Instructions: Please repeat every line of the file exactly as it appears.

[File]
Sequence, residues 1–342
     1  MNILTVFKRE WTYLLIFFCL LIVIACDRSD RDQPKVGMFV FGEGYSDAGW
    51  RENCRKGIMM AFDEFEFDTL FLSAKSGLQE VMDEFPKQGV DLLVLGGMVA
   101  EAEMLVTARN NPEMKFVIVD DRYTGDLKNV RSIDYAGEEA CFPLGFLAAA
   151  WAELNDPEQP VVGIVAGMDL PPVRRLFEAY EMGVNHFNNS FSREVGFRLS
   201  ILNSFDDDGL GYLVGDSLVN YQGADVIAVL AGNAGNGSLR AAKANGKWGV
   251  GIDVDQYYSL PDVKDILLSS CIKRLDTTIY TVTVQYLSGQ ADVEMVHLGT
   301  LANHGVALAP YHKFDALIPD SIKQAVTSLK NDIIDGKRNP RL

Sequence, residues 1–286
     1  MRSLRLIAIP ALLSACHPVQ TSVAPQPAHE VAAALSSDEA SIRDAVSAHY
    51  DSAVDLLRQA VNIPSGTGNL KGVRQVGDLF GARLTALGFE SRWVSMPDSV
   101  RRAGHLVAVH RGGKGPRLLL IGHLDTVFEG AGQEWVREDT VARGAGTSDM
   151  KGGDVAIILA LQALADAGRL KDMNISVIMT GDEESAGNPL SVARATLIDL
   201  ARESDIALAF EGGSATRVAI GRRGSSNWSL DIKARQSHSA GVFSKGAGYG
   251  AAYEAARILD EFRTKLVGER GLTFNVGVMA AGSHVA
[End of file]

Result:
Sequence, residues 1–342
     1  MNILTVFKRE WTYLLIFFCL LIVIACDRSD RDQPKVGMFV FGEGYSDAGW
    51  RENCRKGIMM AFDEFEFDTL FLSAKSGLQE VMDEFPKQGV DLLVLGGMVA
   101  EAEMLVTARN NPEMKFVIVD DRYTGDLKNV RSIDYAGEEA CFPLGFLAAA
   151  WAELNDPEQP VVGIVAGMDL PPVRRLFEAY EMGVNHFNNS FSREVGFRLS
   201  ILNSFDDDGL GYLVGDSLVN YQGADVIAVL AGNAGNGSLR AAKANGKWGV
   251  GIDVDQYYSL PDVKDILLSS CIKRLDTTIY TVTVQYLSGQ ADVEMVHLGT
   301  LANHGVALAP YHKFDALIPD SIKQAVTSLK NDIIDGKRNP RL

Sequence, residues 1–286
     1  MRSLRLIAIP ALLSACHPVQ TSVAPQPAHE VAAALSSDEA SIRDAVSAHY
    51  DSAVDLLRQA VNIPSGTGNL KGVRQVGDLF GARLTALGFE SRWVSMPDSV
   101  RRAGHLVAVH RGGKGPRLLL IGHLDTVFEG AGQEWVREDT VARGAGTSDM
   151  KGGDVAIILA LQALADAGRL KDMNISVIMT GDEESAGNPL SVARATLIDL
   201  ARESDIALAF EGGSATRVAI GRRGSSNWSL DIKARQSHSA GVFSKGAGYG
   251  AAYEAARILD EFRTKLVGER GLTFNVGVMA AGSHVA